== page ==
Further tax changes for ‘high’ emission cars from April 2019

Date posted: 13th Nov 2018

You may think of a high emission cars as being a ‘gas guzzling’, luxury or exclusive sports car such as a Ferrari, Lamborghini or a Range Rover.

The tax laws however, deem a high emission car to be a car that emits carbon dioxide of over 110 g/km (this was cut from 130 g/km in April 2018).

If your business is looking to buy a new car, then it will be important to consider the carbon dioxide emissions from a taxation viewpoint. The cost of the car is given tax relief via the capital allowances legislation. That legislation dictates that the cost of the car is given tax relief at an appropriate rate which is determined based upon the level of the carbon dioxide emissions.

Essentially, cars with CO2 emissions of less than 110 g/km will fall into the ‘general pool’ for capital allowances and therefore the cost is relieved at a rate of 18% per annum on a reducing balance basis. At the moment, cars that emit more than 110 g/km, fall into the ‘special pool’ and are given tax relief at a rate of 8% per annum on a reducing balance basis. However, it was announced in the recent Budget that the latter rate will reduce to 6% from April 2019 for all high emission cars bought either before or after that date.


To highlight this as an example, say a partnership wished to purchase a car for £30,000 for use by an employee.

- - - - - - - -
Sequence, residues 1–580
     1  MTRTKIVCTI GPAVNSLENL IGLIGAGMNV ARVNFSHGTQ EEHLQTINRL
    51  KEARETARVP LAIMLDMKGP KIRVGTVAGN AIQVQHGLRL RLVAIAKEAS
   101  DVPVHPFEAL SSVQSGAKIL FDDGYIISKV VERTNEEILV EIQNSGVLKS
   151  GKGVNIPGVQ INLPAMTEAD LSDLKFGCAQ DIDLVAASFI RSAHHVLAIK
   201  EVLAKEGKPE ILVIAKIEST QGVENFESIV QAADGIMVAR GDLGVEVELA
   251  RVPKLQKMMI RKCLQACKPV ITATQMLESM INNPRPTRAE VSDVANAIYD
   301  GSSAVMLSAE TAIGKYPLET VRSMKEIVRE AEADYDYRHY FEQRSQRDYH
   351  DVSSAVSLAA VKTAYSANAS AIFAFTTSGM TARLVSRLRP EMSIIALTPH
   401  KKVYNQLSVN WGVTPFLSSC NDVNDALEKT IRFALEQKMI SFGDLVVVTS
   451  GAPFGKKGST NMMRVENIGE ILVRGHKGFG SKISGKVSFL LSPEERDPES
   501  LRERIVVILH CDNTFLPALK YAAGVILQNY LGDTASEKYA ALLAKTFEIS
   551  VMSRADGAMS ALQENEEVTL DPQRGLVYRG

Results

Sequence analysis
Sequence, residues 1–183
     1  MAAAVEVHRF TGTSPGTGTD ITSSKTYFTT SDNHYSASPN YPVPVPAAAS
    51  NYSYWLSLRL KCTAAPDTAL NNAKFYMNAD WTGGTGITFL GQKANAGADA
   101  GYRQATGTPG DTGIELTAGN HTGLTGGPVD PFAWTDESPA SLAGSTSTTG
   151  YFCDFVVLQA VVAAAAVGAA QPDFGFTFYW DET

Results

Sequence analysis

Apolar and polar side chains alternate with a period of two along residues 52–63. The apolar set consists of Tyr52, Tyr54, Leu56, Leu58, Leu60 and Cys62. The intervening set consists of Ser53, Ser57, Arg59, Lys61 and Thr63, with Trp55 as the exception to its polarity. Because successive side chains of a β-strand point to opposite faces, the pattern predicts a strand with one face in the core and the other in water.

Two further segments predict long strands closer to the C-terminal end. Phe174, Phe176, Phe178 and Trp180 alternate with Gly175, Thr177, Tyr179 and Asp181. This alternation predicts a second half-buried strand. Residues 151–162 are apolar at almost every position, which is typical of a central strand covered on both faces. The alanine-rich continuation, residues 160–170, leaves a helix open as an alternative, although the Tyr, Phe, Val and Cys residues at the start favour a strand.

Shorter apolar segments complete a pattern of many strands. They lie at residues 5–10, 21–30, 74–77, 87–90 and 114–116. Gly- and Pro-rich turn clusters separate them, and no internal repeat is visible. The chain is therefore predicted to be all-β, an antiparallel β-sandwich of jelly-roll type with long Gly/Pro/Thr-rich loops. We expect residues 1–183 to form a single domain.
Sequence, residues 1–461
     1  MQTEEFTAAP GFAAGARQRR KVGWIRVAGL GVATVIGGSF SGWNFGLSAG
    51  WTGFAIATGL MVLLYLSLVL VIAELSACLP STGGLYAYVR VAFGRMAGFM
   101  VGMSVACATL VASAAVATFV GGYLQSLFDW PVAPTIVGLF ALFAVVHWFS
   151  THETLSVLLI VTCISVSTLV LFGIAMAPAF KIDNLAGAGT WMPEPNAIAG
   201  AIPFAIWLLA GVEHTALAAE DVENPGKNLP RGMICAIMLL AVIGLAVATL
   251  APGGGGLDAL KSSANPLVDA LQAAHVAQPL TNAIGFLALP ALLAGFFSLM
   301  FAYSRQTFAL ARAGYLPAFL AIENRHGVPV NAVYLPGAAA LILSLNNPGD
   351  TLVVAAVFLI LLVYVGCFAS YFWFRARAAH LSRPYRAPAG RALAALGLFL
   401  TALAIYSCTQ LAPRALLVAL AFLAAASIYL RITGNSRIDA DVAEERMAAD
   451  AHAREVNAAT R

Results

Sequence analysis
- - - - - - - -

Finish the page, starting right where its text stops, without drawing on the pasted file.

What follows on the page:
If the car was a low emissions car, then the tax deductible cost in year one would be £5,400 (being 18% of the £30,000), in year two it would be £4,428 (being 18% of the unrelieved cost £24,600 (£30,000 – £5,400 already claimed)), in year three it would be £3,631 (being 18% of the unrelieved cost of £20,172 (£30,000 – £5,400 – £4,428) and so forth. After year five, the business would have received tax relief upon nearly £19,000 of the cost, which could be a tax/nic saving of nearly £9,000.

If the car was a high emissions car, then after year five, the business would have received tax relief upon nearly £8,000 of the cost, which would transpire into a maximum tax/nic saving of almost £3,800.

The difference in the tax saving after year five is over £5,000.

Whilst ultimately the cost will be fully relieved for tax purposes, under either scenario, it will take 10 years to get tax relief on £25,000 of the cost of a low emission car, compared with over 30 years to get tax relief on a high emissions car.

Given that different variants of each model of car that exists in today’s marketplace, it could be significant to pay close attention to the carbon dioxide emissions, before deciding upon the exact variant of the car to be provided to the employee.

Other impacts of carbon dioxide emissions

The CO2 emissions are also important as they will dictate the income tax that an individual pays, if the car is to be provided as a company car. Although you need to watch for the changes to ‘salary sacrifice’ arrangements too,

In addition, if the car is leased, the carbon dioxide emissions can determine whether the full lease costs can be deducted or whether there is a flat 15% add back.

Concluding comments

The purchase of a car within any business is becoming increasingly complicated for tax purposes due to the numerous changes that the Government has introduced over the last fifteen years and taxes are only likely to rise in the future.

Call our specialists today for further advice on an aspects of this.

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